kievitThe monks didn’t use one of the other trappists as an example, though there are similarities. Kievit is aiming to reach the production of Achel while Orval is the only other trappist brewery with only one beer. Because the entire brewing process is done within the walls of the abbey it is a real trappist brewery, and they got the sign to prove it.

The brewing is done by only two monks and it is just one of the many tasks to be done around the abbey. Most of the steps in the process take place in the abbey. Only the malts are bought and not processed from scratch. Bottling is done somewhere else but the rest is all done in the abbey.


The beer was voted best new beer from the Netherlands on Ratebeer in 2013 and has been garnering a lot of attention around the western world.

The response to the beer was expected, but not in the overwhelming positive way that it has been welcomed onto the beer scene. But there is enough left for the monks ;). Let’s hope they will make more for us.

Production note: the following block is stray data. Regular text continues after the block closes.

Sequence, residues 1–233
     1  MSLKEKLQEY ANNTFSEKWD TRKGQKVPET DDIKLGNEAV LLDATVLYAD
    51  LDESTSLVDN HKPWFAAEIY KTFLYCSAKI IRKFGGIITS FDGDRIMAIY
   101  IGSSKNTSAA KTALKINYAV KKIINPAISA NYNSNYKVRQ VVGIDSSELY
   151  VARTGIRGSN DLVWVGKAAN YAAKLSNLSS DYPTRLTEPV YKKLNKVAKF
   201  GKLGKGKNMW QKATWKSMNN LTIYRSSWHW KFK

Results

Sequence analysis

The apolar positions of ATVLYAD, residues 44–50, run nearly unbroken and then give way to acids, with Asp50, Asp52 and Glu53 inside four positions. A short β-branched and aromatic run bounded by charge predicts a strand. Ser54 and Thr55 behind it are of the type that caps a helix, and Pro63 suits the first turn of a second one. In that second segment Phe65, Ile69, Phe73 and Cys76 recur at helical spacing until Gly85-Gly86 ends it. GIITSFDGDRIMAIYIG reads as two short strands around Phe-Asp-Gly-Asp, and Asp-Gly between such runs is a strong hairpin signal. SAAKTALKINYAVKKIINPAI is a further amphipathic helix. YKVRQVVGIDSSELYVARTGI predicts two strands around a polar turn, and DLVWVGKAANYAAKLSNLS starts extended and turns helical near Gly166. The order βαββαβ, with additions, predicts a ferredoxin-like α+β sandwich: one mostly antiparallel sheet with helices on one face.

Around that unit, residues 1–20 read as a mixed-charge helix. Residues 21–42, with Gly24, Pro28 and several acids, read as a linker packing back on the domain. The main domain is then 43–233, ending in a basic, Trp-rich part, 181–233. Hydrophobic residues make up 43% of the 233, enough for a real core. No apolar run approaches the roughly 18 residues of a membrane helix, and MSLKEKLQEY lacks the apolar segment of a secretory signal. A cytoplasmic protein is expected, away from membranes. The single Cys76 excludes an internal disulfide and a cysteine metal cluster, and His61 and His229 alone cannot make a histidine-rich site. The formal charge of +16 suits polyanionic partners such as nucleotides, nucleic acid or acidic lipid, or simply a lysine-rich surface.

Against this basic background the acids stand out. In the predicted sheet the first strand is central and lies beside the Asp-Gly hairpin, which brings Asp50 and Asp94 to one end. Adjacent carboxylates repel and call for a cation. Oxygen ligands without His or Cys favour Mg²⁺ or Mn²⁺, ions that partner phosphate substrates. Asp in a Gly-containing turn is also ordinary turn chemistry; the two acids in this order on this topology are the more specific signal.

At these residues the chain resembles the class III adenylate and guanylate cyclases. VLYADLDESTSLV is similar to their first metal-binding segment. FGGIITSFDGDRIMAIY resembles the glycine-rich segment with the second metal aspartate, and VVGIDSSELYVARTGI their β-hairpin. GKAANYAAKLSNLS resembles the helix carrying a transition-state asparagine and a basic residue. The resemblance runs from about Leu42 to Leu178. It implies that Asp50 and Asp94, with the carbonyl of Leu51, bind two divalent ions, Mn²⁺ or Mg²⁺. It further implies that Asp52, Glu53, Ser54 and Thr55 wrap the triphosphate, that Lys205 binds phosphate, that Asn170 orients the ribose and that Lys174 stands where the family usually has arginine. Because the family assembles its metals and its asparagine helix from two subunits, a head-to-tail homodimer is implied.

Zundert website

De Dochter van de Korenaar

The borders of the nations in Europe are the result of centuries of wars, changing political leadership, Royal marriages and treaties. It is what makes the borders seem random: squiggly lines that seem to make no sense.

Baarle-Hertog takes the cake with its borders. It is completely surrounded by the Netherlands but is 100% Belgian. 22 tiny enclaves, the result of a quirk of history. The border runs through streets, meadows, even through houses with some parts are only a few square meters.